Immediately screed the surface with a straight 2 × 4: Two people pull the board backward in a side-to-side sawing motion, with the board resting on top of the form. As you work, shovel in extra concrete to fill low spots or remove concrete from high spots, and re-screed. The goal is to create a flat surface that’s level with the top of the form.


  9. Walkway 09

    Option: Cut an isolation board and glue it to the existing concrete structures at the point where they meet the new sidewalk. Steps, foundation walls, driveways, and old sidewalk sections  are examples of structures you’ll need  to isolate from the new concrete.


  10. Walkway 10

    Float the concrete surface with a magnesium float, working back and forth in broad arching strokes. Tip up the leading edge of the tool slightly to prevent gouging. Stop floating once the surface is relatively smooth and has a wet sheen. Be careful not to over-float, indicated by water pooling on the surface. Allow the bleed water to disappear and the concrete to harden sufficiently.


  11. Walkway 11

    Use an edger to shape the side edges of the walkway along the wood form. Carefully run the edger back and forth along the form to create a smooth, rounded corner, lifting the leading edge of the tool slightly to prevent gouging.


  12. Walkway 12

    Mark the locations of the control joints onto the top edges  of the form boards, spacing the joints 11⁄2 times the width of  the walkway.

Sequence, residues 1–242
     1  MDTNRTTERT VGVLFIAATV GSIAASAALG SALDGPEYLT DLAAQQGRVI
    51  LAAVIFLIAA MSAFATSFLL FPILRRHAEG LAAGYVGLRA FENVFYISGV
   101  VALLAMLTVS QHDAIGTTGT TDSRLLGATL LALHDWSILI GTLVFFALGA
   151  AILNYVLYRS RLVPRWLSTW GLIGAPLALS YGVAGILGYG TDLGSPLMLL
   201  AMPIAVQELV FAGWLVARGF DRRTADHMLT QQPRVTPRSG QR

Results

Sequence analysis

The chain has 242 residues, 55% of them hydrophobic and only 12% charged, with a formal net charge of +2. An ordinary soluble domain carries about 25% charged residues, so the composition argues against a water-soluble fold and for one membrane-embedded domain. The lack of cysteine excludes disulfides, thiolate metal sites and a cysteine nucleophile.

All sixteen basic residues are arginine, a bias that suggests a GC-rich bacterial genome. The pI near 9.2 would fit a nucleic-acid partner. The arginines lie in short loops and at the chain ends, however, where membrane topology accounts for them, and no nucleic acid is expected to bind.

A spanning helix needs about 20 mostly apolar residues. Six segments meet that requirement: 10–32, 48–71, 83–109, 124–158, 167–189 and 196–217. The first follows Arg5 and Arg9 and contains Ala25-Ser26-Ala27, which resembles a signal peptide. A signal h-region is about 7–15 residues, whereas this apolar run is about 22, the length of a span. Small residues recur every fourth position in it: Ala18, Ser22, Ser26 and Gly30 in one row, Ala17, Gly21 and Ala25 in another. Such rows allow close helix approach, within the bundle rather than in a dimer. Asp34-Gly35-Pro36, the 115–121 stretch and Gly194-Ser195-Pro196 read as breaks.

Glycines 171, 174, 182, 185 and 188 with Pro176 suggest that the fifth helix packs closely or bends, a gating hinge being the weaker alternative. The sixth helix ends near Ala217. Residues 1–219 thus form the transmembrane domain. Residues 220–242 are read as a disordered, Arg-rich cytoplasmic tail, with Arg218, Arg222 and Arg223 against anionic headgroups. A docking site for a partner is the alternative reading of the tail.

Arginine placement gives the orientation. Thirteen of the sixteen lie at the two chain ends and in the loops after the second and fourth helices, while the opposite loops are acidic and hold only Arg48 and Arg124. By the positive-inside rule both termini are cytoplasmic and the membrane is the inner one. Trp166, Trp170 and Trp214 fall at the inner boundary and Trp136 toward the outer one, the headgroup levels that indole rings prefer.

13. Walkway 13

    Cut the control joints with a 1" groover guided by a straight 2 × 4 held (or fastened) across the form at the marked locations. Make several light passes back and forth until the groove reaches full depth, lifting the leading edge of the tool  to prevent gouging. Remove the guide board once each joint  is complete. Smooth out the tool marks with a trowel or float.


  14. Walkway 14

    Create a nonslip surface with a broom. Starting at the far side edge of the walkway, steadily drag a broom backward over the surface in a straight line, using a single pulling motion. Repeat in single, parallel passes (with minimal or no overlap), and rinse off the broom bristles after each pass. The stiffer and coarser the broom, the rougher the texture will be.


  15. Walkway 15

    Cure the concrete by misting the walkway with water, and then covering it with clear polyethylene sheeting. Smooth out any air pockets (which can cause discoloration), and weight down the sheeting along the edges. Mist the surface and reapply the plastic daily for a few days.